Traditional Hollywood editing limits what is shown to specific sections of a room or street; the camera cuts between a few set angles and rarely shows 360 degrees of an environment or location. Replacing cuts with a master shot that pans around creates a sense of openness; the world exists wherever the camera happens to turn and it is easy to believe that the world exists even beyond what is shown or what is just out of frame. One example of this is at the very start of the film where Theo walks out of a coffee shop. The handheld camera follows behind Theo and looks around the city just as someone stepping out for the first time would be distracted by the trivial details of the city. This free movement creates a sense that the world exists in its entirety and if the camera were to pan just a little bit more we wouldn’t see the edge of a movie set. Instead of cutting back to Theo the camera turns and catches up with the spot he has stopped at on the street. The lack of cutting in this scene creates a sense of spontaneity; we feel like we haven’t missed anything that has happened and we know exactly how much time has elapsed since Theo left the shop before it was blown to bits. We also don’t feel like we are being tricked or shown something that hasn’t actually happened because the camera moves as if someone is holding it and guiding it naturally in an un-scripted way (especially when the camera “runs” towards the explosion as if to see what happened).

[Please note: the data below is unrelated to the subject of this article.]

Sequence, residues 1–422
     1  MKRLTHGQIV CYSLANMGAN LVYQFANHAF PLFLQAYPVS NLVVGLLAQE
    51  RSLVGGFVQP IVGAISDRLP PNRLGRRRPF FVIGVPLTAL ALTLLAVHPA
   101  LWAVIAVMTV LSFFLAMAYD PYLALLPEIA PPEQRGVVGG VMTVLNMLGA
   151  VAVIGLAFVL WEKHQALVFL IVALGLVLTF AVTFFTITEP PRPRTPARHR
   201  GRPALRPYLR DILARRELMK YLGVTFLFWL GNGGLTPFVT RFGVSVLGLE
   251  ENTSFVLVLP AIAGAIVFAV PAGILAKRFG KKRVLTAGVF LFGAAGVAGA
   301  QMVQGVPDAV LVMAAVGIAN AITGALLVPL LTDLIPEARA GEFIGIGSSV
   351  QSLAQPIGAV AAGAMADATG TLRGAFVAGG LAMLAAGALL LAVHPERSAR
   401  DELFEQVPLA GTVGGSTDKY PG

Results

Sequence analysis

Children of Men is edited and presented in a very linear fashion. Every scene leads into the scene following it and no time is omitted from the story.  Flashbacks are not used. Each time the film cuts from one scene to the next it is not implied that events happened in between the scene that just finished and the scene that is starting. This style also adds to the sense that the audience is being shown a world that is real; the film shows a complete story from start to finish and nothing is left out. Because nothing is omitted the viewer is also given a sense that everything is happening in real time and that we follow Theo on every step of his journey throughout the film. The camera movement and editing also keep our attention on Theo; everything is presented in a very subjective manner by the end of the film. An example of this subjective camera movement is the scene where the car Theo is traveling in is attacked and the group has to escape by driving backwards. When the car finally comes to a stop the camera gets out with Theo as he exits the car. The camera then pans to the road and frames awkwardly on the dead officers before cutting, an edit that draws attention to the way the group murdered the officers and then fled.